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Acceptance And Commitment Therapy Exercises 21 Examples for Behavioral Change

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Do you ever come across a situation when you feel trapped by thoughts that make you act in ways that do not help? Acceptance and Commitment Therapy (ACT) provides a workable and scientific method of overcoming this behaviour pattern to live a life worth living. Through various exercises, ACT can help us become more accepting and stop judging our thoughts or feelings, which can then be accompanied by taking actions that align with our values.

Explore the realm of ACT exercises as a means to better develop your psychological flexibility, which allows you to adapt resourcefully to difficulties and at the same time strive towards achieving your true potential. In this journey that we’re going to embark on now, you’ll learn all about acceptance and commitment and find out how it can radically change your life.

Key Takeaways

  • Acceptance and Commitment Therapy (ACT) uses exercises like Anchor Breathing and Cognitive Defusion to help you deal with hard thoughts and feelings.
  • ACT helps you find out what your values are in different parts of life, like work or family. It guides you to take actions that match these values.
  • Mindfulness is a big part of ACT. Exercises teach you to notice your thoughts without judging them, which helps reduce the avoidance of tough emotions.
  • Group exercises in ACT create support while teaching mindfulness skills, helping people face their challenges together.
  • Writing an 80th birthday speech can show you what’s important in your life and help guide the choices you make today.
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Understanding Acceptance and Commitment Therapy (ACT)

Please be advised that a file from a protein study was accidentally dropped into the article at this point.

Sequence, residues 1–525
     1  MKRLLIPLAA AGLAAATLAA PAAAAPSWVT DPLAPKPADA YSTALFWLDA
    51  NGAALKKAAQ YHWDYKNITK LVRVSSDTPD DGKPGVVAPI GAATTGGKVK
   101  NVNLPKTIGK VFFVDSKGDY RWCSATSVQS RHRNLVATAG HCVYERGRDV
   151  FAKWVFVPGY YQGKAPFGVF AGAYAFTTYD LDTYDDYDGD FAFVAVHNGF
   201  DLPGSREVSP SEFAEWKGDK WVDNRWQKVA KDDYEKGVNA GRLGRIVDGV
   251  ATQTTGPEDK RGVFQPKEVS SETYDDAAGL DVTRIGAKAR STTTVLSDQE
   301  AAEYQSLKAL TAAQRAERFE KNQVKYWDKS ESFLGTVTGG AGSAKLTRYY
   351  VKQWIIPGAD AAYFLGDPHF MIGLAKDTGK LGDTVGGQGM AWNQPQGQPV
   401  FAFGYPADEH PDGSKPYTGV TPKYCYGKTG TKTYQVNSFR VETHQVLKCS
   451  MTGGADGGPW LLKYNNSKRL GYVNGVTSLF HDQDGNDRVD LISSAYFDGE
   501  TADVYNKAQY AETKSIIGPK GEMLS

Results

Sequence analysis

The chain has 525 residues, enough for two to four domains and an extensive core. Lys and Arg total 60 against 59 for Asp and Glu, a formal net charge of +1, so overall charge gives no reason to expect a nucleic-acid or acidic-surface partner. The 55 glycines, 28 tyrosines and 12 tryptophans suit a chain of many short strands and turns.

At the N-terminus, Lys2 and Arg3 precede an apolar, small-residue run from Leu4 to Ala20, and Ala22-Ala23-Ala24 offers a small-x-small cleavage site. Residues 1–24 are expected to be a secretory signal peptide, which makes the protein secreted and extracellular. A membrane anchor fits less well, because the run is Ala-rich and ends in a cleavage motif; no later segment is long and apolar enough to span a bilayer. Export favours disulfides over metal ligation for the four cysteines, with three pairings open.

Acceptance and Commitment Therapy, known as ACT, teaches you to handle difficult thoughts and feelings effectively. This therapy focuses on being aware of your reactions without fighting them.

Instead, you learn to accept these as normal parts of life. ACT also aims to help you commit to actions that align with your values.

This approach uses mindfulness to help create a loving space for painful emotions and memories. You get tools for dealing with self-criticism and negative thought patterns in a healthier way.

The main goal is to increase your psychological flexibility so that you can live a more vibrant life. Through this process, meaningful change occurs as you focus less on avoiding discomfort and more on moving towards what matters most in your life.

ACT Exercises for Expansion and Acceptance

The expansion and acceptance exercises in ACT focus on mindfulness and defusion techniques to help individuals observe their thoughts and feelings without judgment. These exercises aim to cultivate a sense of inner peace and increase psychological flexibility by promoting a non-struggle approach to difficult experiences.

Anchor Breathing

Anchor Breathing is a grounding exercise from ACT therapy. It serves as a powerful tool to help people remain connected to the present moment.

  • Start by finding a comfortable and quiet place to sit or stand.
  • Close your eyes gently, if it feels right for you, or lower your gaze.
  • Take a slow, deep breath in through your nose, envisioning an anchor dropping from your mind into your stomach.
  • Hold that breath for just a moment. Feel the stability of being anchored down.
  • Exhale slowly through your mouth, imagine any tension releasing with the breath.
  • Continue this process for several minutes, each time picturing the anchor firmly holding you in the present.
  • Notice physical sensations around you – perhaps your feet on the ground or air on your skin.
  • Acknowledge any thoughts or feelings that arise without judgement and return focus to your breath.
  • Use this breathing method as often as needed throughout the day to maintain calmness and presence amidst challenges.
  • Practice Anchor Breathing regularly to increase its effectiveness in managing emotions and experiences.

Cognitive Defusion from Unhelpful Thoughts

Moving from the calming effects of anchor breathing, we now focus on separating ourselves from unhelpful thoughts using cognitive defusion exercises. It’s important to become aware of how certain ideas can dominate our minds and hinder our progress.

  • Recognise the thought: Begin by identifying a specific unhelpful thought you’re having. Acknowledge its presence without trying to push it away or fight it.